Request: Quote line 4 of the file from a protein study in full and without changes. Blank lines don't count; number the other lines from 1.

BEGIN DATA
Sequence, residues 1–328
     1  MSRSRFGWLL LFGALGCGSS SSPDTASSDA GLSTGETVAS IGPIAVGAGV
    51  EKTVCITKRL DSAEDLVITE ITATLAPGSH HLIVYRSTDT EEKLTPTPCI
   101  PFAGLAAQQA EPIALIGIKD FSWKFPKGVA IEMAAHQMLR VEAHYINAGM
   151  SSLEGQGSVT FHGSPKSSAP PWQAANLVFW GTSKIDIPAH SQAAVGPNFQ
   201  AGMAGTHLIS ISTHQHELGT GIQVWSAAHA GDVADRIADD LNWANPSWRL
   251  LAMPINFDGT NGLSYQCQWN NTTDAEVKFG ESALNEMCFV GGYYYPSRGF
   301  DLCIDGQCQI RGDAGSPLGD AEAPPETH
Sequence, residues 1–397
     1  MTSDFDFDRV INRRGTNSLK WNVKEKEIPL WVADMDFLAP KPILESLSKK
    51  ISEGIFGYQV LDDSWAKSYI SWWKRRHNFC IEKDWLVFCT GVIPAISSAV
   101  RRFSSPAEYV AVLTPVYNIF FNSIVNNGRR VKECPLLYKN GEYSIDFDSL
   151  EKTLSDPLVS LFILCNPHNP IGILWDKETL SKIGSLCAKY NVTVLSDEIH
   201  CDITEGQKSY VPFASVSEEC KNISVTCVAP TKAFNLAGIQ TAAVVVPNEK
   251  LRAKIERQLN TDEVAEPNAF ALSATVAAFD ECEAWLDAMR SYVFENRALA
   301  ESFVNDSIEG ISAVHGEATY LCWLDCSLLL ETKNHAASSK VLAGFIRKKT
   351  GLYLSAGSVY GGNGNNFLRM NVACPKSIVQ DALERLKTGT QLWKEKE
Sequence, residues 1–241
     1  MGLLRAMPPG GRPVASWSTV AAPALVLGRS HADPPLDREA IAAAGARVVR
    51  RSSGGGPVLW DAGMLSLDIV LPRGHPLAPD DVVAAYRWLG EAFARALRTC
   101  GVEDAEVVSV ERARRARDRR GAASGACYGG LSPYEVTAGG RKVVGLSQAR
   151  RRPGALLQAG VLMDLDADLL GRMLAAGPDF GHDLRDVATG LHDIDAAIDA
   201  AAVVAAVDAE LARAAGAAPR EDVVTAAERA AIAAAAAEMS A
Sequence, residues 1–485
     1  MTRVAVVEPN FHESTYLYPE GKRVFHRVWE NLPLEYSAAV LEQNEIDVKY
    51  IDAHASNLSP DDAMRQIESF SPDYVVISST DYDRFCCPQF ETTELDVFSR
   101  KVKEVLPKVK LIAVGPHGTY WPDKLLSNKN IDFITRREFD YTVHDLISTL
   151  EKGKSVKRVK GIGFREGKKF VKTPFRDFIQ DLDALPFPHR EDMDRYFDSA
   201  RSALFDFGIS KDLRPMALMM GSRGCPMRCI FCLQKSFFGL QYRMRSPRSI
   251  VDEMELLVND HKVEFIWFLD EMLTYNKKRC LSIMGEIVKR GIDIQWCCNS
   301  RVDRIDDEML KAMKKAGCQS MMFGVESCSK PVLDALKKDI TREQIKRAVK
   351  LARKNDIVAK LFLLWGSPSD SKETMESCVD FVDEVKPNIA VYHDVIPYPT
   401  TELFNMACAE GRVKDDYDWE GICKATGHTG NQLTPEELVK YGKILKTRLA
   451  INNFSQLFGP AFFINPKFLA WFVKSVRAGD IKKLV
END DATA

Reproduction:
   101  PFAGLAAQQA EPIALIGIKD FSWKFPKGVA IEMAAHQMLR VEAHYINAGM